Citus Blog

Articles tagged: query executors

Citus 10.1 is out! In this latest release to the Citus extension to Postgres, our team focused on improving your user experience. Some of the 10.1 fixes are operational improvements—such as with the shard rebalancer, or with citus_update_node. Some are performance improvements—such as for multi-row INSERTs or with citus_shards. And some are fixes you’ll appreciate if you use Citus with lots of Postgres partitions.

Given that the previous Citus 10 release included a bevy of new features—including things like columnar storage, Citus on a single node, open sourcing the shard rebalancer, new UDFs so you can alter distributed table properties, and the ability to combine Postgres and Citus tables via support for JOINs between local and distributed tables, and foreign keys between local and reference tables—well, we felt that Citus 10.1 needed to prioritize some of our backlog items, the kinds of things that can make your life easier.

This post is your guide to the what’s new in Citus 10.1. And if you want to catch up on all the new things in past releases to Citus, check out the release notes posts about Citus 10, Citus 9.5, Citus 9.4, Citus 9.3, and Citus 9.2.

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In one of our recent releases of the open source Citus extension, we overhauled the way Citus executes distributed SQL queries—with the net effect being some huge improvements in terms of performance, user experience, Postgres compatibility, and resource management. The Citus executor is now able to dynamically adapt to the type of distributed SQL query, ensuring fast response times both for quick index lookups and big analytical queries.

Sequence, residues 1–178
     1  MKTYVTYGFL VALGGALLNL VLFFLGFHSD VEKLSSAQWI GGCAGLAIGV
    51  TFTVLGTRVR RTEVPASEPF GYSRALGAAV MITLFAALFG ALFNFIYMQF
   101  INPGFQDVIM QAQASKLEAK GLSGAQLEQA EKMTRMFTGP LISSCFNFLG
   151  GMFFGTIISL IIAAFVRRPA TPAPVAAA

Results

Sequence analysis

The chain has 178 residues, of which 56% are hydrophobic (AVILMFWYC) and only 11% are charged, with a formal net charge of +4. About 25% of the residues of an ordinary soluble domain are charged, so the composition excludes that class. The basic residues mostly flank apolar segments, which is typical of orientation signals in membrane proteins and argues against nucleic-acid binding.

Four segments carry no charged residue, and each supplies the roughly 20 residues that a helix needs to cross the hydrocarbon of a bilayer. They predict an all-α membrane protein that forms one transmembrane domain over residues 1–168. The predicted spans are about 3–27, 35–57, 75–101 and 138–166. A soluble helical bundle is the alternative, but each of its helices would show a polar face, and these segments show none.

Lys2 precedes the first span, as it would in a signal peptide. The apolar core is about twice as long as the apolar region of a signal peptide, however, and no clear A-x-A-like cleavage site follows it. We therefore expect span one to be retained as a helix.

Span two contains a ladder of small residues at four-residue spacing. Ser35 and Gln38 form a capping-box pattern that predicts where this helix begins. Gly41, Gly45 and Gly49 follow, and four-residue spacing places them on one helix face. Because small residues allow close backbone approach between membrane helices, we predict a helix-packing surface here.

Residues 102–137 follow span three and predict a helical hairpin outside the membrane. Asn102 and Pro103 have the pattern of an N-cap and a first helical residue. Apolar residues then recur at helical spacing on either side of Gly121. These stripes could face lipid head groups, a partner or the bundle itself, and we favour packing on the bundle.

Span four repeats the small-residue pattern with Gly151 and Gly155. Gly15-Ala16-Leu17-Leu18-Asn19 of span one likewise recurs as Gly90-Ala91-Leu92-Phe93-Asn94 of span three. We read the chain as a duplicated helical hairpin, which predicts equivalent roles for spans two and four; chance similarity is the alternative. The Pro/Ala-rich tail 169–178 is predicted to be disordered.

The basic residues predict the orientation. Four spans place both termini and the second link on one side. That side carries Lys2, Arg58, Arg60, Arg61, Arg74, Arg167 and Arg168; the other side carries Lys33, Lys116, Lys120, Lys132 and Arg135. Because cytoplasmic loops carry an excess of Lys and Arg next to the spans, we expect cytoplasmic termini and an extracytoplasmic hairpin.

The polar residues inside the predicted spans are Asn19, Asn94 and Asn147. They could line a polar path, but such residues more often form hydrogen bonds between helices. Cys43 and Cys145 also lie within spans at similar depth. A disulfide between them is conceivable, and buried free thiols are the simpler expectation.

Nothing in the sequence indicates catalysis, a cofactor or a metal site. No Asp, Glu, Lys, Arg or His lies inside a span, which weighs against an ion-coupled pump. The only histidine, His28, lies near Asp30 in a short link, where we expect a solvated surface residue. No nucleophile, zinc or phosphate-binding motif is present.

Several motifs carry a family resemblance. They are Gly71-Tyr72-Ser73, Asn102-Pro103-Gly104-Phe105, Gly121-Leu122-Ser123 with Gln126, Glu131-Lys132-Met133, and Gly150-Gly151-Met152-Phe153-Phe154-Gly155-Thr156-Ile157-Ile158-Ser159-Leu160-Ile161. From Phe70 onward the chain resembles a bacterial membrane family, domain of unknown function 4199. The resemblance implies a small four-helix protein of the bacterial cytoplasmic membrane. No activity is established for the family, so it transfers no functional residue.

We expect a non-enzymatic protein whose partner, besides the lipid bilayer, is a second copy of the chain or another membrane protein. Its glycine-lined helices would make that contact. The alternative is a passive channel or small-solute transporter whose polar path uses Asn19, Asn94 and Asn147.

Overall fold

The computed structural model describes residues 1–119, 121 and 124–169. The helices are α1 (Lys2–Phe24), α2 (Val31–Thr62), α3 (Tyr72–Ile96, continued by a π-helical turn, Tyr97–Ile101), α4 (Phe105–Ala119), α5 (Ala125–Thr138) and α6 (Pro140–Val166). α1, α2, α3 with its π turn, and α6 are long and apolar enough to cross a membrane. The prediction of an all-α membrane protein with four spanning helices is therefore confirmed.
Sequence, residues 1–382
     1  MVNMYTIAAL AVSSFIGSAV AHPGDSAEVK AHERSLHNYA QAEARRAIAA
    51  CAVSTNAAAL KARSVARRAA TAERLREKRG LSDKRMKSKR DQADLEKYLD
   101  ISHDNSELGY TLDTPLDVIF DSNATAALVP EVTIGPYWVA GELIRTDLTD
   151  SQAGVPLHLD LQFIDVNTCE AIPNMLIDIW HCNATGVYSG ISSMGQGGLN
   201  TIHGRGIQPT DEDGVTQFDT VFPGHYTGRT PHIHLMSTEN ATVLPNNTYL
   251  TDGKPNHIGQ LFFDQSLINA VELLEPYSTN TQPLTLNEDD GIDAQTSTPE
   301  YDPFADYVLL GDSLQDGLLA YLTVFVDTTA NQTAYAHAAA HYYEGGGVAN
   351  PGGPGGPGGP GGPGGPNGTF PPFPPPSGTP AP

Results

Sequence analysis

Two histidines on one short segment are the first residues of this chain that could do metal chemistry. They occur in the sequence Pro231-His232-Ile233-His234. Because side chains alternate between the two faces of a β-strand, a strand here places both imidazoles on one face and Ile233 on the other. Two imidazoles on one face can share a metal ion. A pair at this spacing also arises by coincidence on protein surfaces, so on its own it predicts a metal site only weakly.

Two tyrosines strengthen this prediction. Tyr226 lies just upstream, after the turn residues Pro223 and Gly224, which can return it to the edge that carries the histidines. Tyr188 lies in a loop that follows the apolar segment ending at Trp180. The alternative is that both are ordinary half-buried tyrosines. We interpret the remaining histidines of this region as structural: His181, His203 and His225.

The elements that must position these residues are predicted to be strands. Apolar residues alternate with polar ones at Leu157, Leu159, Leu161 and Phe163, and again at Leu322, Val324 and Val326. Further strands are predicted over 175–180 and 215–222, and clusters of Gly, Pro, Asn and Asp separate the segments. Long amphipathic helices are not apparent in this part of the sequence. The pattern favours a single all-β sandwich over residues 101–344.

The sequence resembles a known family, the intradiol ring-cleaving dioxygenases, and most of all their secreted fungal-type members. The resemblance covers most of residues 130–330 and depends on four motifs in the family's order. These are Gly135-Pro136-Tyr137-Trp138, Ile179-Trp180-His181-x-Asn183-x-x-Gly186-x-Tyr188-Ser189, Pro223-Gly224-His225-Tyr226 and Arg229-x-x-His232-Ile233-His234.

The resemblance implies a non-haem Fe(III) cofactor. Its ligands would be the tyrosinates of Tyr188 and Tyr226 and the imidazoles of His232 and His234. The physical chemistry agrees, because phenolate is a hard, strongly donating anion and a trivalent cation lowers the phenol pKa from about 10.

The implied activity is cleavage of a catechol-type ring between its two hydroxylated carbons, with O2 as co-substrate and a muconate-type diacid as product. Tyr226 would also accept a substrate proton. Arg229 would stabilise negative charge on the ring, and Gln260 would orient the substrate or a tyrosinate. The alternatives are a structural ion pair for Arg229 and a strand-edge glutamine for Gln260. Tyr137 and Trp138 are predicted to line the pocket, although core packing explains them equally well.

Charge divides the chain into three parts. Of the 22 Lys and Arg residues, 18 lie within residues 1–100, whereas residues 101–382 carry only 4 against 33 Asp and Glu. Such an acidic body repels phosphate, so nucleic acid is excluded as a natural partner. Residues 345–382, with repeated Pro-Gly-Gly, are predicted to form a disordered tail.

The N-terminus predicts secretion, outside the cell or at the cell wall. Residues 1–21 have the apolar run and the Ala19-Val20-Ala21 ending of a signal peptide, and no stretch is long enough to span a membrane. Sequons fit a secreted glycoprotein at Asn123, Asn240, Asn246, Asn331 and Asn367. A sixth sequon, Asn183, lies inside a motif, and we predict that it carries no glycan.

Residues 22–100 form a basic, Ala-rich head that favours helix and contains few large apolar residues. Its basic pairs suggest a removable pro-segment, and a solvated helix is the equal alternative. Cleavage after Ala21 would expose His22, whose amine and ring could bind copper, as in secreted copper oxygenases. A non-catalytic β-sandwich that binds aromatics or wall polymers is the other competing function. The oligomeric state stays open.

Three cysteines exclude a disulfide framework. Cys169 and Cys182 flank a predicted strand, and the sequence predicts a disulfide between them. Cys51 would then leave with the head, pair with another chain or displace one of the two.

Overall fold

We call this new Citus feature the “adaptive executor” and we thought it would be useful to walk through what the Citus adaptive executor means for Postgres and how it works.

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Citus has multiple different executors which each behaving differently to support a wide array of use cases. For many the notion distributed SQL seems like it has to be a complicated one, but the principles of it aren't rocket science. Here we're going to look at a few examples of how Citus takes standard SQL and transforms it to operate in a distributed form so it can be parallelized. The result is that you can see speed up of 100x or more in query performance over a single node database.

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Craig Kerstiens

How Citus works (a look at dynamic executors)

Written byBy Craig Kerstiens | September 15, 2017Sep 15, 2017

In the beginning there was Postgres

We love Postgres at Citus. And rather than create a newfangled database from scratch, we implemented Citus as an extension to Postgres. We've talked a lot on our blog here about you can leverage Citus, about key use cases, and different data models and sharding approaches. But we haven’t spent a lot of time explaining how Citus works. So if you want to dive deeper into how Citus works, here we're going to walk through how Citus shards the data all the way through to how the executors run queries.

Distributing data within Citus

Citus gets its benefits from sharding your data which allows us to split the data across multiple physical nodes. When your tables are significantly smaller due to sharding your indexes are smaller, vacuum runs faster, everything works like it did when your database was smaller and easier to manage.

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